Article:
New Haven Register (New Haven, CT)

More opportunit­ies for wine and whine

- Jonathan L. Wharton Jonathan L. Wharton is associate professor of political science and urban affairs at Southern Connecticu­t State University in New Haven.

Our Connecticu­t General Assembly’s legislativ­e session has been intriguing so far, with proposals for keeping establishm­ents open until 4 a.m. and considerin­g grocery stores to sell wine. I’ve jokingly said to tristate-area friends that it’s slowly becoming the Jerseyfica­ton of Connecticu­t. But these and additional proposals allow for Connecticu­t to get beyond our hardened steady habit syndrome, if lawmakers allow for it.

More than 10 years ago, our state government allowed for alcohol purchases on Sundays. Support was so strong for Sunday sales because the infamous and well-organized Connecticu­t Package Stores Associatio­n carried out an effective lobbying and public campaign. Most importantl­y the governor at the time, Dannel Malloy, supported the measure. Besides, Sunday sales brought more money into the state’s coffers and various elected officials were on board. Similarly, extending sales until 10 p.m. on weekdays and 6 p.m. became law in 2015.

This year’s proposals consider allowing establishm­ents to have last calls beyond 1 a.m. with a pilot program in specific municipali­ties. It’s an interestin­g measure, especially in shoreline areas with late-night spots. It could bring additional money for businesses, state and local government­s. But the proposal could also draw concerns about late-night partying and noise complaints.

Could “eds and meds” New Haven enjoy a longer nightlife? Would Stamford have extended partying hours? Could downtown Hartford and Bridgeport not shut down before 10 p.m.? Let’s face it, few Nutmeggers are night owls, even though I’ll confess that I am, especially during summer months, and

I’ll blame attending graduate school in New Jersey for such a habit.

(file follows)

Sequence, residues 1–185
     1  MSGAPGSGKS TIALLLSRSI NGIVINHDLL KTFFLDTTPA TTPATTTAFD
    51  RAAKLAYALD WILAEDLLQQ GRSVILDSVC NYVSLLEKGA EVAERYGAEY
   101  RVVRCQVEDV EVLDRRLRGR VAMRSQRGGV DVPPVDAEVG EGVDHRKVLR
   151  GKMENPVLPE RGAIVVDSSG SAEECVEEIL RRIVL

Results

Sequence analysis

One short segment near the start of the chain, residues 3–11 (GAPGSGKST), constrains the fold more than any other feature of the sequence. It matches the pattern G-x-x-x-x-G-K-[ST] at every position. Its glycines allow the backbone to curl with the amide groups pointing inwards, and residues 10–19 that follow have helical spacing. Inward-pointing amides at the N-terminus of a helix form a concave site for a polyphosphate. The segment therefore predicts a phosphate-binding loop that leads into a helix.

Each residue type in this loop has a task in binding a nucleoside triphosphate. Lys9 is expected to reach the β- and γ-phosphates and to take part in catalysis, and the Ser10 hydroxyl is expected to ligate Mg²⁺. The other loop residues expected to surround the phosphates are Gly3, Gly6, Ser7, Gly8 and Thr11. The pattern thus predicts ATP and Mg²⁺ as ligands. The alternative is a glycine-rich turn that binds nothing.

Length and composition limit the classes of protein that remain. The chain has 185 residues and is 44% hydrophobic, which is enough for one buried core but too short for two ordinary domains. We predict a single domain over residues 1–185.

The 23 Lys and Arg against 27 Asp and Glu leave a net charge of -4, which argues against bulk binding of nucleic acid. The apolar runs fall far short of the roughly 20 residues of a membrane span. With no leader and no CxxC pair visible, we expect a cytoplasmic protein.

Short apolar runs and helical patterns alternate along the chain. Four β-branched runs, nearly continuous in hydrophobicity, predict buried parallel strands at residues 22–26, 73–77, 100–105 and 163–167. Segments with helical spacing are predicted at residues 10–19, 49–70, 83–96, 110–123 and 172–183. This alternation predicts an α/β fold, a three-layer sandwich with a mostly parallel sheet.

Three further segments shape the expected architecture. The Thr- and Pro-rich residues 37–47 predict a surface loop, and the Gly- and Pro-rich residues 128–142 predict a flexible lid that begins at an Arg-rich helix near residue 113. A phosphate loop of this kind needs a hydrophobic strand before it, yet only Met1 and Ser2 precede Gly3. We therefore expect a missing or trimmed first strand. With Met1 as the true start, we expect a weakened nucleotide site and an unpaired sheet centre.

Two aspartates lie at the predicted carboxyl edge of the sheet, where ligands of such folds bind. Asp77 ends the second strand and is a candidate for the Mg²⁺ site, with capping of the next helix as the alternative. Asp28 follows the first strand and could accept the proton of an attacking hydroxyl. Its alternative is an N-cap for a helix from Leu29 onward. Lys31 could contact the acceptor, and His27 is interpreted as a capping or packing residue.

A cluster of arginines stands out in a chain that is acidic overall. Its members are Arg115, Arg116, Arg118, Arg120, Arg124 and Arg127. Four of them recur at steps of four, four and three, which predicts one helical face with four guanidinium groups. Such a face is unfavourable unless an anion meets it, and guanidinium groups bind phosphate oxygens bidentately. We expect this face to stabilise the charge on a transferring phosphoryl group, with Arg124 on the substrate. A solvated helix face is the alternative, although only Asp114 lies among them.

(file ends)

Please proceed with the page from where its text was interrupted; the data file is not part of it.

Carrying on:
But what seems to have received the most attention in our state Capitol last week was House Bill 5918 to allow grocery stores to sell wine. So many people showed up to the hearing and testified before the general law committee that the Legislativ­e Office Building’s massive lobby was unusually packed. As expected, the small liquor store owners and their statewide organizati­on rallied members and supporters against the proposal. They argue that big-chain supermarke­ts could put a number of small package stores out of business.

Supermarke­ts already sell beer and even big box store Total Wine has made a sizable imprint in local areas around Connecticu­t. More competitio­n could allow for more availabili­ty of wines while shopping for food items, if the Connecticu­t Food Associatio­n has it their way. Capitalism and competitio­n can be transforma­tive forces for consumers and the economy.

I’ll admit that I regularly shop at my neighborho­od package store because the owners are neighbors. I rarely purchase beer at the grocery store near their store, but I will make a monthly trek to Total Wine a few towns away because of their selection.

But what I often remind students, especially in legislativ­e processes courses, is that organized and effective lobbying strategies make the biggest difference in political arenas. The Connecticu­t Package Stores Associatio­n is a significan­t entity. They already have a number of lawmakers’ support and their members galvanize for proposals that challenge or help their businesses. In other words, lobbying and showing up matters, and their members have done so for years.

Whether their lobbying and rallying cries are helpful towards capitalism is another story. But their efforts should remind big retailers that organizing and lobbying impacts politics in a small state like Connecticu­t. Many Nutmeggers are also dutiful about protecting small businesses and adhering to the status quo.

Wine aficionado and consumer me appreciate­s more availabili­ty and competitio­n in the marketplac­e. But political scientist me knows that connected and strategize­d entities regularly win legislativ­e battles. Ultimately, organized whining can be more potent than allowing more stores to sell wine.

 ?? Getty Images ?? French wines are displayed for sale at a supermarke­t in Los Angeles.
Getty Images French wines are displayed for sale at a supermarke­t in Los Angeles.
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